The other day I was watching the movie Robots with my kids, and one of the key characters utters the phrase…
“See A Need, Fill A Need”
If you’re not familiar with the movie, here’s the clip.
And while there’s no denying that’s good advice for product development, that’s horrible advice for anybody trying to persuade people to buy their product.
Sounds counterintuitive, doesn’t it?
Let me illustrate something you’ve probably noticed…
“Isn’t It Crazy How $1000 iPhones Stop Working After One Year?”
Said nobody ever.
But that would make more sense, wouldn’t it?
It would at least explain why every September millions of people anticipate with excitement the opportunity to shell out some dough for a new iPhone.
$1000 worth of dough…
All for a piece of aluminum and glass that is only slightly better than the $1000 piece of aluminum and glass they bought the previous September.
How Can Your Business Capture That Level Of Excitement?
Everybody could use the level of fanaticism Apple enjoys from its customers–this is what made them one of the world’s biggest companies.
But you’ll never get there by seeing a need and filling a need.
Consider Apple’s iPhone: Is it able to do things other smartphones can’t?
Does it fill some particular function-gap that exists in the smartphone industry?
No, not really.
If you’re in doubt, check out OpenSignal’s infographic on how many different Android smartphones are out there, all competing with Apple for market-share.
(Each tile represents a different Android phone model):
It’s hard to imagine the iPhone fills a gap these 18,796 Android phones don’t.
So how can we explain what’s going on with Apple, or with other products whose fans defy logic with their level of ferocious loyalty?
I have an answer that might surprise you, but before we get there, let’s talk about what most businesses do.
This Is What Most Businesses Get Wrong
When most businesses market their products, they spend way too much time selling the wrong thing… the product.
Here’s How Most Companies Sell Their Products…
Let’s look at some non-smartphone examples.
The first example is taken from the Macy’s order page, and is how most companies showcase their products. This is a Calvin Klein blazer available at Macy’s.
The page is basically saying, “Hey folks, we have jackets. They’ve got two buttons and stuff. Give me money if it fits and you want it.”
It’s just fine.
It’s what everyone does.
Here’s A More Inspired Approach…
Why stay with the boring, mooing herd when you can really stand out?
One of my favorite characters from Seinfeld was J. Peterman… I loved the character because the descriptions in the real Peterman catalogues jump off the page.
(Imagine that: copy so good that you earn a legendary place in one of the most successful network shows of all time.)
If you want a stark difference with Macy’s page, J. Peterman’s copy describing its version of the two-button blazer couldn’t be a more jarring contrast:
Why stay with a boring description when you can make the product about the buyer?
Few things are as powerful and memorable as stories, and J. Peterman’s copywriters are masters.
Macy’s is peddling jackets… Peterman is offering dreams.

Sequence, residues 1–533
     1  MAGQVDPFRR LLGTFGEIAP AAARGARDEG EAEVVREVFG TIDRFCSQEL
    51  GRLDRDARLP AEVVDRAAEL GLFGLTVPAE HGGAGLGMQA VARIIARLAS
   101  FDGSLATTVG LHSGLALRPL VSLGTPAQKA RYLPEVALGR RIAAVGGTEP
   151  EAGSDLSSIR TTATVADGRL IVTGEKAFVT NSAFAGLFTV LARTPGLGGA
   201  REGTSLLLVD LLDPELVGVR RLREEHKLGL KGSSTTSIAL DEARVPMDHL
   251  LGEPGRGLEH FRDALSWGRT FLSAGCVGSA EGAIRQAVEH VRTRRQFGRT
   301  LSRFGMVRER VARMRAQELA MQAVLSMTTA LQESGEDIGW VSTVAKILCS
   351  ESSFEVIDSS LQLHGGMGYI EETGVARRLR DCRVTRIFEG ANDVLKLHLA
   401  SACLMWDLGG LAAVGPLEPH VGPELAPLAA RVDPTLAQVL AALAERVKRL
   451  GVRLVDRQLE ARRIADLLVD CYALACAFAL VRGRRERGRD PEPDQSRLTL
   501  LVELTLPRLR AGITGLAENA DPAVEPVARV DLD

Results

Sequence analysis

What do you think is more powerful?
People Are Interested In Themselves…
I’m going to be blunt and share the cold hard truth: people don’t care about your product.
People want to know what they’re going to get out of it.
When thinking about a purchase, deep down prospects are asking themselves:
- Will I be cooler?
- Will it make me richer?
- Will it make me look like I’m richer?
- Will I look smarter?
- Will I look–or feel–sexier?
Thinking about our J. Peterman example: if you can insert an interesting aspirational story about a powerful, successful, confident woman, and somehow link that story to wearing a particular jacket, do you think the woman who buys that garment is going to feel a little different when she slips that jacket on?
Will the story that grabbed her attention pop into her head as she steps out of the car and walks into the Monday morning meeting, all eyes on her as she reaches the head of the table?
You bet it will.
Whatever desires live deep down and are rarely let out to see the light of day… the desires that are never shared with friends or spouses… will turn someone into a rabid action-taker if the flames of those hidden ‘wants’ are fanned in the right way.
That’s what Peterman is doing in his two-button blazer description. That’s what Apple masters in its long, choreographed product launches.
And therefore we’re going to create a new mantra…
See a want, fill a want.
So rarely done. (Until now!)
So What Next?
As we saw with the Macy’s example (and countless others if you take second to think about it), businesses tend get it wrong and market to a client’s needs. They flop their products out there, slap on a description and a price, and send traffic to the page, crossing their fingers that this will be their next big hit.
Knowing that the greatest thing you can deliver is a vision of how your clients see themselves as they hope to be… that’s where the power is.
So, here’s a quick breakdown of how to get this done:
- Talk to your customers and prospects.
- Understand your clients at a deep, emotional level.
- How can your product help your clients become (or move toward) the aspirational vision they see for themselves?
- Create sales copy for your product based on the answer to item 2.
- Deliver what your clients want… AND what they need.
- Keep talking to your clients and prospects… rinse… repeat.
If it’s an interesting enough topic for you, I’ll go in-depth into the steps in the above checklist. Just remember, most people think of themselves before anything else, so needs often play second-fiddle to wants. Just keep that in mind when you’re developing your marketing campaigns, web copy, and email sequences, and I promise you’ll notice a difference.
So, how will playing to your clients wants change how you approach sales copy?